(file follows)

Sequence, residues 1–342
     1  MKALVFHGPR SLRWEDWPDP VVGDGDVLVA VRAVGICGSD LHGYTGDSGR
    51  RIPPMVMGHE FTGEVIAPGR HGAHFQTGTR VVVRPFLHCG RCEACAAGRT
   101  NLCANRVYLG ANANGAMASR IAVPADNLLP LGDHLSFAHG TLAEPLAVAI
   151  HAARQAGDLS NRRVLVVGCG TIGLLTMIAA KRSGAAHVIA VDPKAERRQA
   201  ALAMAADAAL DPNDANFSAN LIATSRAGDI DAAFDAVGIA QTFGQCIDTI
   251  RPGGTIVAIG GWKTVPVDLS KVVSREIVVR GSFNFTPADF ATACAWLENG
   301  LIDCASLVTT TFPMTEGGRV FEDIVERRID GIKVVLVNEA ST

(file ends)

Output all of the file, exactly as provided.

Sequence, residues 1–342
     1  MKALVFHGPR SLRWEDWPDP VVGDGDVLVA VRAVGICGSD LHGYTGDSGR
    51  RIPPMVMGHE FTGEVIAPGR HGAHFQTGTR VVVRPFLHCG RCEACAAGRT
   101  NLCANRVYLG ANANGAMASR IAVPADNLLP LGDHLSFAHG TLAEPLAVAI
   151  HAARQAGDLS NRRVLVVGCG TIGLLTMIAA KRSGAAHVIA VDPKAERRQA
   201  ALAMAADAAL DPNDANFSAN LIATSRAGDI DAAFDAVGIA QTFGQCIDTI
   251  RPGGTIVAIG GWKTVPVDLS KVVSREIVVR GSFNFTPADF ATACAWLENG
   301  LIDCASLVTT TFPMTEGGRV FEDIVERRID GIKVVLVNEA ST